"This country is pretty."
Translation:Dieses Land ist schön.
Many words in German have 'endings' that need to match the gender (and case) of the noun that follows them. The words for "this", "the", and many others are in this category.
You'd be familiar already with the words for "the" needing to match the gender: der Hund, die Kartoffel, das Land. In these examples, der, die, das all mean "the", but the 'ending' is different to match the masculine, feminine and neuter genders respectively. You'll notice that the 'endings' that I'm talking about are typically based around -r, -e, -s for the three genders. (There are more endings when you start to consider cases too, but this example keeps it simple).
The word for "this/that" (German is not as specific as English here) is dies-. It needs an ending when it's in front of a noun. The noun Land is neuter (we remember it as das Land), so we need to add the -(e)s ending to dies-. This gives us the correct expression: dieses Land.
You may sometimes see such words used without a noun after them, with or without an ending. When you keep using Duolingo and find examples of these other situations, you will find explanations in the comments. Until then, remember this rule!
Thank you. I've been confused thinking that 'Land' is 'die', and 'dieses' is some weird form of that.
You are a great teacher! Keeping it simple and real!! Following you immediately! I want to read every explanation you make.
Some other guys here do a great job but with too many technical words and all that those of us not grounded in linguustics have a hard time understanding them perfectly.
Thanks for this once again!
Me too. I am starting to wonder if hübsch can only be used for people, so I looked it up. I still cannot decide. https://www.collinsdictionary.com/dictionary/german-english/hubsch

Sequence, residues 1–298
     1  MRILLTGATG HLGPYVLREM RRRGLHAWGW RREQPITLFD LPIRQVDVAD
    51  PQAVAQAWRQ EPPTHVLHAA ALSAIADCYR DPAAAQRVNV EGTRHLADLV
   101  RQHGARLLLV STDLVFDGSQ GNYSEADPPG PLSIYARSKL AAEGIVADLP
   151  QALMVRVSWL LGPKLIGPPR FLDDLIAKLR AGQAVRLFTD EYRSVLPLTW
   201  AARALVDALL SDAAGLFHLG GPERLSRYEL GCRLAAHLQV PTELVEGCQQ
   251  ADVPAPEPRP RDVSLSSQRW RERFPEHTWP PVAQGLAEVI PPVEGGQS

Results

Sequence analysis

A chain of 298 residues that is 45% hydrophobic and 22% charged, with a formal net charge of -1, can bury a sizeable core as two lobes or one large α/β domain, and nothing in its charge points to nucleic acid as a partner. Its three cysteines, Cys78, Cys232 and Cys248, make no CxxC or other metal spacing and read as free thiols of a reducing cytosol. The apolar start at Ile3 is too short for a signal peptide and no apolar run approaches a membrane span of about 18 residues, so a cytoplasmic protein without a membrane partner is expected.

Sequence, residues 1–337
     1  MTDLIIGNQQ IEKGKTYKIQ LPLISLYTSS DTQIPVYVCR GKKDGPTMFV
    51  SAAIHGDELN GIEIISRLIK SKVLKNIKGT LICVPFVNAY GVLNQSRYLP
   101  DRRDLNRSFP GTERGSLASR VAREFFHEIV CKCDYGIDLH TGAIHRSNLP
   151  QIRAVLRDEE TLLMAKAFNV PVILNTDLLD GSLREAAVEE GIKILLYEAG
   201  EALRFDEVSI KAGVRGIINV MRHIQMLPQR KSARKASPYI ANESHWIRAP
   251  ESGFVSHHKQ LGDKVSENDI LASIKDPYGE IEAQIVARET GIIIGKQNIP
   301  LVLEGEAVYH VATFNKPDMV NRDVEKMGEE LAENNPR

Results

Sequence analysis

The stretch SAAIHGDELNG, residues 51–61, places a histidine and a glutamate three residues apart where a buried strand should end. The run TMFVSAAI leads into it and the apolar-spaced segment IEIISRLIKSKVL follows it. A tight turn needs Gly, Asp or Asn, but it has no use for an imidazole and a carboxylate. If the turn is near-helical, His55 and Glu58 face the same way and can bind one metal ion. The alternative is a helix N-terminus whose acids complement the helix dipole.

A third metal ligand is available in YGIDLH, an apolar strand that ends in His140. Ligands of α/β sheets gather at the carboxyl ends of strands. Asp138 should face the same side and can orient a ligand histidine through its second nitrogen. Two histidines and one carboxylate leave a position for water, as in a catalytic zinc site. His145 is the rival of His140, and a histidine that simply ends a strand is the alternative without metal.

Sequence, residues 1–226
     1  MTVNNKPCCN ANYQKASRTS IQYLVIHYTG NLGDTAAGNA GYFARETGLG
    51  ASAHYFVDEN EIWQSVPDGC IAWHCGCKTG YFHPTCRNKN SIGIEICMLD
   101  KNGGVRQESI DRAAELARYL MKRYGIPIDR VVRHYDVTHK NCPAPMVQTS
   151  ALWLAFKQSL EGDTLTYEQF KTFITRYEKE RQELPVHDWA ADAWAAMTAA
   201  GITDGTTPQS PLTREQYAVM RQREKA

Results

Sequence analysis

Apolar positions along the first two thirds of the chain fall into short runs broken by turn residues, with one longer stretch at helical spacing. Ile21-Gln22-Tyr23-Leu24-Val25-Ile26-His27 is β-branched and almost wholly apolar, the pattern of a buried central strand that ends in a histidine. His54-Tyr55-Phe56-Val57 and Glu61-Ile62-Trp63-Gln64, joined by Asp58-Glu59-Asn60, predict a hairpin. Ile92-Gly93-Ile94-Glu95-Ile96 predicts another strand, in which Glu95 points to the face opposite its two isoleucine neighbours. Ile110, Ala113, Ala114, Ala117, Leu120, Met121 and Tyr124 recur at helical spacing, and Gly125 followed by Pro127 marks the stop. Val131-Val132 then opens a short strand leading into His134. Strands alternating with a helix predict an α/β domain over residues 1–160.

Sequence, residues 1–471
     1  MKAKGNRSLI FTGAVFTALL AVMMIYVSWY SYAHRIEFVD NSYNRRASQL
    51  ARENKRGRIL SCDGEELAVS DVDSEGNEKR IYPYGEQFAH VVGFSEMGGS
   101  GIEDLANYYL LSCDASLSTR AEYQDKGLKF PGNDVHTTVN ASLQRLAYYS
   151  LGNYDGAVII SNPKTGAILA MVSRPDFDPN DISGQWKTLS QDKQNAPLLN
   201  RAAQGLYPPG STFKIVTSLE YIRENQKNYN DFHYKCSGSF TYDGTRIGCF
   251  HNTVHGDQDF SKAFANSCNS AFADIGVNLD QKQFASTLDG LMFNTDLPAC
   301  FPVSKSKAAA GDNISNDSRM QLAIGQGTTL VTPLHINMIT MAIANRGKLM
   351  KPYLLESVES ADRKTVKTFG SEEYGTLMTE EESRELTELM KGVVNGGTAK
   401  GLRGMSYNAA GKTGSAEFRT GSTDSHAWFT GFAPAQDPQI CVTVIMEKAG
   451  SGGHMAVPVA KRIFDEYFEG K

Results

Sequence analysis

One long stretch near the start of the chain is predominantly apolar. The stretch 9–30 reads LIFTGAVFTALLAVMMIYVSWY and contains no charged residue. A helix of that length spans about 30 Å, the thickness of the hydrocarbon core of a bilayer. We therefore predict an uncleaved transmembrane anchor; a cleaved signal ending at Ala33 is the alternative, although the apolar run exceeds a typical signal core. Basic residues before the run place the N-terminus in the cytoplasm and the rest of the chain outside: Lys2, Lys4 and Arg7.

I think you're right when they are pronouns, i.e. standing in place of a noun. The word "dies" is a demonstrative pronoun meaning "this thing/this one". (I admit i don't know for sure if it is invariable but I think so.)
We come across it in an alternative to "das ist ..." in sentences such as "Das ist eine Jacke" used when there's been no previous reference to the thing being talked about. Instead of "das ist ..." you can say "dies ist ..." They can be used for plurals too, e.g. "Das sind Jacken"/"Dies sind Jacken".
When the demonstrative pronoun "this/these" is declined it takes the same endings as "this/these" does as a demonstrative adjective/determiner, thus "dieser/diese/dieses" in nominative case, "diesen/diese/dieses" in accusative case, etc. "Wo ist dein Buch? Nimm dieses." I believe in everyday speech people often just use "dies", e.g. "Nimm dies".
("Dieses" is also the demonstrative adjective/determiner "this" in its singular neuter form for nominative and accusative cases, e.g. "der Junge kauft dieses Buch" and "dieses Buch ist toll". And of course there's the genitive m and n singular. But I don't think the demonstrative determiner/adjectival "this/these" forms are ever shortened to just "dies".)
The demonstrative determiner (before a noun) has an ending in the nominative case, e.g. dieser Mann, diese Frau, dieses Kind.
The demonstrative pronoun (that stands instead of a noun) usually has no ending for neuter nominative: dies ist eine Schere.
dieses is simply neuter nominative here.